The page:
Sunday, 27 January 2013

Yorkshire Puddings

For someone who spends so much time enjoying writing and testing recipes, I sometimes - like today - advocate the art of cooking by sight and feel, instead of by rigidly sticking to weights, measures and timings.

Yorkshire pudding is the perfect example of a dish which benefits from an experienced, rather than a scientific, approach. Mrs Ribeye Sr (mum) used to have terrible trouble coming up with a consistently excellent batch of puds, until she stopped reading conflicting advice and used good old fashioned common sense instead to bang out tray after tray of perfect, golden, crispy, evenly-risen Yorkies.

The correct basic chemistry is to use the same volume of eggs to flour to make a smooth paste, and then let it down with enough milk to create a batter the thickness of double cream or emulsion paint. Then season (fairly heavily) to taste and voila! The perfect Yorkshire pudding recipe. When I mean 'volume', I'm not referring to weight. I mean that I try to make a heaped dessert spoonful of flour look like the same size as the eggs I've bought. No way should there be a set of scales near me today.

The key to guaranteeing even more structure in your puds, is to use strong bread flour. I have no idea what the difference between strong and plain flour is, but I bet it has something to do with increased amounts of gluten. I probably only make this connection because 'gluten' sounds a bit like 'glue'. I happened to have some over from my recent bread-making fad (pretty much over that now) and I'll be buying more of it when I run out - just to make my puds.

Milk-wise, I use semi-skimmed for everything in my house, and so I use it in my Yorkshire puddings; but if I was buying some especially for this recipe, I may opt for red top (full fat) to give them a bit more richness. This is not scientifically proven, but full fat milk has GOT to taste better in recipes than semi-skimmed, right?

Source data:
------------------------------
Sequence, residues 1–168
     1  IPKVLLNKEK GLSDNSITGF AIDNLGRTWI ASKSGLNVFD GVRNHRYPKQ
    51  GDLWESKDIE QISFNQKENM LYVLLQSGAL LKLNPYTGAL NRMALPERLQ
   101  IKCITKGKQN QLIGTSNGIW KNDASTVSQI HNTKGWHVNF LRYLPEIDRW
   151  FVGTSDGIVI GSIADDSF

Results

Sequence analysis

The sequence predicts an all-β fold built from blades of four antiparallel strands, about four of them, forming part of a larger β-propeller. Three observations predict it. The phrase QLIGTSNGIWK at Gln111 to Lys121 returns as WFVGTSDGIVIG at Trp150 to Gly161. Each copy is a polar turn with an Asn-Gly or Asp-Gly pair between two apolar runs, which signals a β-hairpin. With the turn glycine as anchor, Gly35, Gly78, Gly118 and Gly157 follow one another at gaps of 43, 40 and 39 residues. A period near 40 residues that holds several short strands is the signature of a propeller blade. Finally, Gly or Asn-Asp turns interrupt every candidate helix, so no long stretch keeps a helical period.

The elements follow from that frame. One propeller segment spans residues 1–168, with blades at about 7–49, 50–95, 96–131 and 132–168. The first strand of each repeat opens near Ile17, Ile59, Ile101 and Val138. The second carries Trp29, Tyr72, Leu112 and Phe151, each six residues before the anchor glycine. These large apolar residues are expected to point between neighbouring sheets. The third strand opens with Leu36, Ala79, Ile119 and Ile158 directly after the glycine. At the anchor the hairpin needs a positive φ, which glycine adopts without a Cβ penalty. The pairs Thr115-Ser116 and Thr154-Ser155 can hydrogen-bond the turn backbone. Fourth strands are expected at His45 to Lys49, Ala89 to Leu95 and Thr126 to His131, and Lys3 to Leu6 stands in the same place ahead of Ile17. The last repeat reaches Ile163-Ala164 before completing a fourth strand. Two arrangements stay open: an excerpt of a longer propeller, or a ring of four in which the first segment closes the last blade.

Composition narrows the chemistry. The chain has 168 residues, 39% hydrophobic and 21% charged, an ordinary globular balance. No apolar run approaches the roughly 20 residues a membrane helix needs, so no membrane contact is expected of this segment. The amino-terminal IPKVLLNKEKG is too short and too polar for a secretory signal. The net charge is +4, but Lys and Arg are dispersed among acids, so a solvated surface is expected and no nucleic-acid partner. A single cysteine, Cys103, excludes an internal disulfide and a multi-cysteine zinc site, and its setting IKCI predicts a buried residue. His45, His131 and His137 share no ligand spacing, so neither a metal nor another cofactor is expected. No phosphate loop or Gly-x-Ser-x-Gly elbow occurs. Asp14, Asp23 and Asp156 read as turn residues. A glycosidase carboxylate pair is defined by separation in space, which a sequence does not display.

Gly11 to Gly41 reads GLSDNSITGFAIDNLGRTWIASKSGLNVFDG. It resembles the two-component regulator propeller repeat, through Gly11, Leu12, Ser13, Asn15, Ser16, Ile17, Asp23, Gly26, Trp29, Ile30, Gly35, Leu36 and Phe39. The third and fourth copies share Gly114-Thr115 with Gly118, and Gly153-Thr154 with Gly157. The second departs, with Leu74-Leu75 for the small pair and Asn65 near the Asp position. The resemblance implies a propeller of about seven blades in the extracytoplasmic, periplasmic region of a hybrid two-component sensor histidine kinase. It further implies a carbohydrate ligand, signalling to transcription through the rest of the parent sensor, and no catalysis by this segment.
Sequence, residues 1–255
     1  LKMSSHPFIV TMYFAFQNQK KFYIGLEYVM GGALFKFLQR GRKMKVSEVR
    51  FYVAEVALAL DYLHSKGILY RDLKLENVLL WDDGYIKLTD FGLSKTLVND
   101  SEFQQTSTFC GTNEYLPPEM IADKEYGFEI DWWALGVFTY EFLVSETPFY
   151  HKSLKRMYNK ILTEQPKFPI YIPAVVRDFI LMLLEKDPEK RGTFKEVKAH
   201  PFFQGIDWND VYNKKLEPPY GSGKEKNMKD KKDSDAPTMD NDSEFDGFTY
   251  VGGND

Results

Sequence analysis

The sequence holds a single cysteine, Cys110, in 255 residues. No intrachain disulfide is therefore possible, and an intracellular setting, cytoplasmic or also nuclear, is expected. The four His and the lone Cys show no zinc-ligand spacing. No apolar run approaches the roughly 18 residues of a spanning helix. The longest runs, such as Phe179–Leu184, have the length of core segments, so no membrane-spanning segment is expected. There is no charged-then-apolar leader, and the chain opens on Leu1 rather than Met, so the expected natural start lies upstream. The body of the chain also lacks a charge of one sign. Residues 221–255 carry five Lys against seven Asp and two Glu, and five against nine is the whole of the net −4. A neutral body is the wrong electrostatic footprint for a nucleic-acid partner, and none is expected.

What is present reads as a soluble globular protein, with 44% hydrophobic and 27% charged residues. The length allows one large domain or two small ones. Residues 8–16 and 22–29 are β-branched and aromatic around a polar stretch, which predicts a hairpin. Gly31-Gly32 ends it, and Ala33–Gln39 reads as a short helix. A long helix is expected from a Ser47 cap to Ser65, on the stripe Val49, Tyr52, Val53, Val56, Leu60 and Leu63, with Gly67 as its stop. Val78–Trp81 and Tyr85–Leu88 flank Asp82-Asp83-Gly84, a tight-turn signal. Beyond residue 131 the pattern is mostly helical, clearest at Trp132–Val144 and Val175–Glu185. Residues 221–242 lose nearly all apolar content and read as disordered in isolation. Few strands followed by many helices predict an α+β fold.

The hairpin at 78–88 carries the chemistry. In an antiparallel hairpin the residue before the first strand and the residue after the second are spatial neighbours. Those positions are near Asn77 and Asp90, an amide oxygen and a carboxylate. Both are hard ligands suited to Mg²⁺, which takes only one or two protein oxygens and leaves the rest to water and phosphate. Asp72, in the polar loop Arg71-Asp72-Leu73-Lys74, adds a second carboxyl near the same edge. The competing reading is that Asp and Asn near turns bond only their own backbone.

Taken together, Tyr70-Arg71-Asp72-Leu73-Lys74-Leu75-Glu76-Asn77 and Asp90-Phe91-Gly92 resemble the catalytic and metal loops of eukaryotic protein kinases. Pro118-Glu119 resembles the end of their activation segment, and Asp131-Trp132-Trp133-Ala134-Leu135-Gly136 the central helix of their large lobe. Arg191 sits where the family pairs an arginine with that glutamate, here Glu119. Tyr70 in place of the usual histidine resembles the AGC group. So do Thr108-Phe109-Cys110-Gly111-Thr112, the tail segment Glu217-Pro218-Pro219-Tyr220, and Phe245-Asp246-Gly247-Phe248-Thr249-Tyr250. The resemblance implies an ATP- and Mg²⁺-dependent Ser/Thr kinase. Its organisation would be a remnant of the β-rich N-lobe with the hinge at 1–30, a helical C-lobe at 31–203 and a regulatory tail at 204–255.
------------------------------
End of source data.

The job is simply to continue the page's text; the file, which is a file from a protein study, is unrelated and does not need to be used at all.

My poor old mum. Conflicting recipes would have her adding water to the mix, or baking powder, or bicarb, or cream, or telling her to 'allow the batter to rest to allow the gluten to develop'. What crap. My recipe is the simplest, the easiest, the deliciousest and more importantly the right-est.

Yorkshire puddings were invented to fill you up when the Sunday roast joint was a bit on the small side, and so it's a thrifty but delicious necessity (which means that this dish is an oft-eaten trusty Potless stalwart). £1 per dozen is all it will set you back. Get some instant gravy to serve with them as a starter, and you'll  be transported back to the late 1940's before you know it. Now all you'll need is Vera Lynn, Brylcream, and some ration books...

Serves 4-6 (makes 12 puddings)


4 eggs
4 heaped tablespoons of plain or strong bread flour (same volume as the eggs - probably 120g-150g)
Enough milk to let the batter down to the thickness of double cream (about 120-150 ml)
Large pinches of salt and black pepper
Sunflower or vegetable oil

Preheat oven to maximum setting (230-240c) and fill the 12 holes in a muffin tin a fifth/quarter full of oil each. Place the tin in the oven to heat to a blistering temperature. In the meantime, in a jug, beat the eggs with the flour until you have a thick paste. Pour in the milk bit by bit until you have a nice batter. Season and then quickly open the oven door to pour the batter into the holes in the muffin tin. The batter should fizz and pop in the oil. Close the door of the oven and cook (without opening it until the puds are cooked) until the puds are risen and golden - about 25-30 minutes. Serve immediately.

1 comment:

  1. Darling and most lovely Mr Rib-eye - As wonderful as your recipes are, I need you to know the following:
    In the supermarkets red-top milk is skimmed - no fat to speak of...and blue top is full fat...Then of course there's Channel Islands milk - from the very pretty Jersey cows ( very fat) with a gold top.
    Love Lel xx


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